#15: Figure And Ground

Human inventions, back to front intentions

Hi,

Today’s post has been influenced by a book called Team Human by Douglas Rushkoff. It’s a fiery manifesto about how digital technology can do more for humanity.


Reading time: 2 minutes

"We must protect our social human organism from the very things we have created"

Douglas Rushkoff

Consider Thomas Jefferson's 19th Century invention, the dumbwaiter. A small lift operated by pulleys and ropes, it transported food and drink from basement to dining room, as if by magic. People marvelled at the convenience.

Over time however, the purpose of the dumbwaiter, became less about relieving the slogging servant and more about hiding the crime of slavery.

Great human inventions often end up like this - at cross purposes to their original intentions. Instead of the invention helping people, they end up undermined by it.

And when this happens, we start treating people as objects.

The subject becomes the object. Or in psychology 101 speak - the figure becomes the ground.

For example:

  1. The written word, when invented in Mesopotamia in 3,200BC, offered opportunities to connect people in previously unimaginable ways, but instead it was used by the literate and wealthy classes to assert power and control.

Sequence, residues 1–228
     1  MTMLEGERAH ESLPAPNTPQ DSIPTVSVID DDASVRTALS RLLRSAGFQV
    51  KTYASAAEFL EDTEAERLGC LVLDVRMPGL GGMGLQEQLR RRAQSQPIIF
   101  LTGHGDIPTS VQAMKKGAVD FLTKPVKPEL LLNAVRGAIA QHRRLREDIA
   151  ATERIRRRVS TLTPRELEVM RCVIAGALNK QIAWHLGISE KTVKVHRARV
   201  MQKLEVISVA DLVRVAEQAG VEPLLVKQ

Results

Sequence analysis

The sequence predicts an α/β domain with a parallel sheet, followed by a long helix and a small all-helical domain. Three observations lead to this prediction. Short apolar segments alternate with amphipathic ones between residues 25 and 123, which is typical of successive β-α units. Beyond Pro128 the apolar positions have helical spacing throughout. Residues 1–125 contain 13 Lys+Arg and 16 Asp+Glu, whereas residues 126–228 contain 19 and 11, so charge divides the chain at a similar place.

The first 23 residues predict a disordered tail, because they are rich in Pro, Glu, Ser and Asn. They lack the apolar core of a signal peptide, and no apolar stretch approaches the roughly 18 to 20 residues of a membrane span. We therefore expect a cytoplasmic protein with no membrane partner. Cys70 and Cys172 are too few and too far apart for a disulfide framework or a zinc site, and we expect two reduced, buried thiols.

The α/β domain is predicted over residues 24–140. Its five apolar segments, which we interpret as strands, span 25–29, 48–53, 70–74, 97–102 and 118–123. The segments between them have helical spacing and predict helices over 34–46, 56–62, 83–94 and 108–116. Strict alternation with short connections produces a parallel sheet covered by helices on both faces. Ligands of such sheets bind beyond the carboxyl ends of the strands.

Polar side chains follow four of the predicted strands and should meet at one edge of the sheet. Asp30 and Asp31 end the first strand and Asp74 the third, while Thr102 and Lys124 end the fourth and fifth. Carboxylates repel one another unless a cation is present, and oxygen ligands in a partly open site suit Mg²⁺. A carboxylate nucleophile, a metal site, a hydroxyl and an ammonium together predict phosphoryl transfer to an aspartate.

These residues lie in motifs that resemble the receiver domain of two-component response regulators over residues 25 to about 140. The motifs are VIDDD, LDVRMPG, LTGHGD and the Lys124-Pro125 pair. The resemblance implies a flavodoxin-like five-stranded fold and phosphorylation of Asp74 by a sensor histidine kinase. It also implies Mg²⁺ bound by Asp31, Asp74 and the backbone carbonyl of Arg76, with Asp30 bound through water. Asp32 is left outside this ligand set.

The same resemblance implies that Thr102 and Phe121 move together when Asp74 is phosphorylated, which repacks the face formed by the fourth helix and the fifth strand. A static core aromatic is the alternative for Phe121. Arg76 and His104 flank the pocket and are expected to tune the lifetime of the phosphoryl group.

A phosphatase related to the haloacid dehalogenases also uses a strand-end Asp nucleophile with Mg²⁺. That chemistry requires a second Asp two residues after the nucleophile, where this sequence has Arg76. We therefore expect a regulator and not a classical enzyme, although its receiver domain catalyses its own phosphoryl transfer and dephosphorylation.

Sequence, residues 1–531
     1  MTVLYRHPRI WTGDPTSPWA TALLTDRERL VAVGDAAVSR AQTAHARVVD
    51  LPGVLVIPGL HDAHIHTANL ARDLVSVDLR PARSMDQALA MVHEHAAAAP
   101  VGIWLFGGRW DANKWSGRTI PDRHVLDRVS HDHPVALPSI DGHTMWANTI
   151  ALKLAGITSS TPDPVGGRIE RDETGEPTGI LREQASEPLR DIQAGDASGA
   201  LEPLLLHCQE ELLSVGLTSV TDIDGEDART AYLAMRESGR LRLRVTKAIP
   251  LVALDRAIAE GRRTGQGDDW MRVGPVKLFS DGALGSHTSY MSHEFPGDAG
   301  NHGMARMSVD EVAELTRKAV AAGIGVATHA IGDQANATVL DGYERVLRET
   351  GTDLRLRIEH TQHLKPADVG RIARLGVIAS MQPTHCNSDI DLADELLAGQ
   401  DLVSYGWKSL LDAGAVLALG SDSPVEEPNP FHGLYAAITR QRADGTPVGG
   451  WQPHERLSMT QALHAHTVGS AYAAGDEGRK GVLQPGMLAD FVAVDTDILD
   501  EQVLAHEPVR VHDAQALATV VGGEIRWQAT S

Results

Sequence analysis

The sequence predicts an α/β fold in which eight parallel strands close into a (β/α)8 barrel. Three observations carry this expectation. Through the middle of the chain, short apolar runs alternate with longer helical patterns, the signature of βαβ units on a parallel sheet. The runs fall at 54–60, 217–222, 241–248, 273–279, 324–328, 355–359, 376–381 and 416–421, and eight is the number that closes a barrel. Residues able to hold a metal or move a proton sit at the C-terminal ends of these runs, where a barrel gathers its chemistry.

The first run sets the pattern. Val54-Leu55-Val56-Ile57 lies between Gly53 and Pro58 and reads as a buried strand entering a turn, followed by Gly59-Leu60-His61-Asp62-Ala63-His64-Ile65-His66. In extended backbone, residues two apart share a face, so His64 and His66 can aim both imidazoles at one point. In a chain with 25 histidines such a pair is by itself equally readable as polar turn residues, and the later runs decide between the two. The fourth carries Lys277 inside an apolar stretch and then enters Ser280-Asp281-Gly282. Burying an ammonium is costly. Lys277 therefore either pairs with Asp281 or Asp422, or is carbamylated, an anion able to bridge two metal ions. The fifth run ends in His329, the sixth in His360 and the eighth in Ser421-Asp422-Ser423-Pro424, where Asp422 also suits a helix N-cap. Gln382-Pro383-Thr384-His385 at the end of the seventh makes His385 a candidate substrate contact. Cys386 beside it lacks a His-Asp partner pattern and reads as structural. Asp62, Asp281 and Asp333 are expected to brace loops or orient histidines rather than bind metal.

2. Money was created to store value and enable transactions in the marketplace. Today, this dynamic is reversed. Acquiring money has become the goal with the marketplace simply a means to realise this goal. This has led to exploitation.

  3. Once advertisers realised the potential of social media, the global interconnected community, was subsumed by a bias toward isolation. Users were divided into "algorithmically determined silos” that kept them in a profitable state of anxiety, envy, and distraction. Instead of being the customers, humans became the product.

We encode these "new" values into our technologies, because there is a financial incentive to do so. And money, as the primary value metric, drives this anti-human agenda.

"Protect our human animality against all technologies that actively ignore and disdain the body, the bodies of others, and the body of the landscape that we inhabit".

Jenny Odell

Can't See The Wood For The Tweets

Technology is revolutionary, and it has undoubtedly changed our lives for the better.

But the tech industry isn’t in the world-betterment business, it’s in the money-making business.

This means innovation is often directed towards low-priority, pain points that optimise for convenience, productivity, or ego - in other words, ideas with more commercial potential.

Meanwhile, “luxuries” such as the natural environment, clean air, animals, time spent with loved-ones and local communities get overlooked.

Soylent - escaping the need to eat, SpaceX - escaping the need to live on planet earth.

By adopting alternative values to incessant growth, such as security, knowledge, community and trust, businesses may not be able to provide as much in the way of material luxury, but they can instead, focus on innovating in ways that truly matter.

As technology advances further faster, evolving quicker than our own biology, we must make a conscious effort to bring people along for the ride. Otherwise, much tech will be like the dumbwaiter, offering magic and convenience, but at humanity’s expense.


That’s it until next Wednesday.

Last week, I offered new readers the opportunity to subscribe to this weekly newsletter, but neglected to insert a “subscribe” button on the page.

So without further ado:

Take care,

Scott